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Porsche Of The Day: 1997 RUF CTR2 Sport

Alois Ruf, initially a Porsche tuner and modifier, achieved the status of automobile manufacturer in 1981 according to the German Automobile Manufacturers Association. The first set of cars designated as Rufs – BTR1, BTR2, and BTR3 – were built in the 1980s.

These were based on Ruf’s preferred platform, the Porsche 911. The BTR engine, derived from the 3.3-liter Turbo’s unit, displaced 3.4 liters and drew in air through a Ruf intercooler thanks to an oversized KKK turbocharger. The result was 369 horsepower channeled to the road via a Ruf five-speed gearbox, while the suspension and brakes also bore the Ruf design mark.

Completed cars were available for purchase directly from Ruf or through conversions of customer-owned vehicles. Ruf’s concept of a super-tuned and upgraded Porsche 911 evolved through the CTR and CTR2, with the latter based on the Type 993 introduced in 1995.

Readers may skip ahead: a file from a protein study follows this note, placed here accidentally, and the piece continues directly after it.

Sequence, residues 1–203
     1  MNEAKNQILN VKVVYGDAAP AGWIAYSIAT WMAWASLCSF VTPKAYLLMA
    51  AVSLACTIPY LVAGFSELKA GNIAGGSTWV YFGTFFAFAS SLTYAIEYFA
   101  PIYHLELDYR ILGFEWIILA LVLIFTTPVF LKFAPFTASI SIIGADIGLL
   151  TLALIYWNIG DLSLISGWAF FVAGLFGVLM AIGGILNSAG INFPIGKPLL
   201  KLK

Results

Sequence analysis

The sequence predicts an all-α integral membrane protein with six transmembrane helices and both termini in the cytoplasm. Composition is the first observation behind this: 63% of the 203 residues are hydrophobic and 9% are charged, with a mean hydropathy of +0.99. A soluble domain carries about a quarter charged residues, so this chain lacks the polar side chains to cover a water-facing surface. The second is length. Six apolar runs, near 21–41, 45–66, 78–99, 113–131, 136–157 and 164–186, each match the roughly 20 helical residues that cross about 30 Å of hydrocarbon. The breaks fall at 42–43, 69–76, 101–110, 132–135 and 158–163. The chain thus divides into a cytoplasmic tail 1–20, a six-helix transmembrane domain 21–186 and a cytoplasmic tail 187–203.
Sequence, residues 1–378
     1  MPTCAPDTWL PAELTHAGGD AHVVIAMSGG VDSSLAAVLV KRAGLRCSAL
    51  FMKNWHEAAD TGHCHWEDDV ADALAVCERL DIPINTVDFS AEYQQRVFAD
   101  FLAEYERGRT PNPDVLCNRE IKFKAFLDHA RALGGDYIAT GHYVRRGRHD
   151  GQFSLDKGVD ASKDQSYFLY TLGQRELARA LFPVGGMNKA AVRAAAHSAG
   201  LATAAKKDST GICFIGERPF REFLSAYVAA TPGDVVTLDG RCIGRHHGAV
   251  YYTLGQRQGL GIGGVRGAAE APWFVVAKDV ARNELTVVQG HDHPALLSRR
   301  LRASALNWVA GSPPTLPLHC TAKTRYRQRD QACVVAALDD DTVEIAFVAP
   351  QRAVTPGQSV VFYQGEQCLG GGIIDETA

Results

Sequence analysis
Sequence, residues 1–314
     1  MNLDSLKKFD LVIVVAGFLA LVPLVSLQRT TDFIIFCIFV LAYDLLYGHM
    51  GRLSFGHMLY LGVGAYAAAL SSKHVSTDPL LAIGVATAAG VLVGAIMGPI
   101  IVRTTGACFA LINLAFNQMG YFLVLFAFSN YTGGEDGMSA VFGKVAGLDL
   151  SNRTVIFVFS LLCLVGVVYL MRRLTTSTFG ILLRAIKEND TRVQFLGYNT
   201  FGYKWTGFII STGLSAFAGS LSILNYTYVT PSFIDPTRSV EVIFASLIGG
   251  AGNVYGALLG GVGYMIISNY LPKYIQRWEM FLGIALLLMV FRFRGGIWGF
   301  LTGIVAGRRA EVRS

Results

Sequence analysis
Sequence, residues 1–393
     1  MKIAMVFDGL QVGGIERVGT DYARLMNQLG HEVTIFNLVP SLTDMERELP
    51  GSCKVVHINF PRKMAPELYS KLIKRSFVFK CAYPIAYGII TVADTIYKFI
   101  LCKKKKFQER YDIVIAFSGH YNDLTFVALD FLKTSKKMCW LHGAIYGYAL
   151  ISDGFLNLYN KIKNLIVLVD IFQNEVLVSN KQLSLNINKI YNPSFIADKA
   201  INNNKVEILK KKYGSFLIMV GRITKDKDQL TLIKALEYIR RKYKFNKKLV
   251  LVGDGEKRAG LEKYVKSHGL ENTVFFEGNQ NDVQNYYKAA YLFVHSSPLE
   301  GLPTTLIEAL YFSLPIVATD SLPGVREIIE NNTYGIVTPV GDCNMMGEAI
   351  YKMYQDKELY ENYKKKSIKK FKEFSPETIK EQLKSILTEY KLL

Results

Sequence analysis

The CTR2, was built upon the Type 993 Porsche 911 Turbo. Its 3.6-liter engine received Ruf tuning to deliver 520 horsepower and 505ft/lb of torque, with later versions reaching 580 horsepower. Additional enhancements included Ruf’s own suspension system, larger brakes, Kevlar body panels, lightweight glass, an integrated roll cage, a redesigned rear wing, and Recaro racing seats equipped with Simpson five-point safety belts.

With a recorded top speed of 217mph, the CTR2, just like its predecessor, reigned as the world’s fastest production car upon its introduction. Both two-wheel and four-wheel drive options were available.

Photos by Peter Singhof courtesy of RM Sotheby’s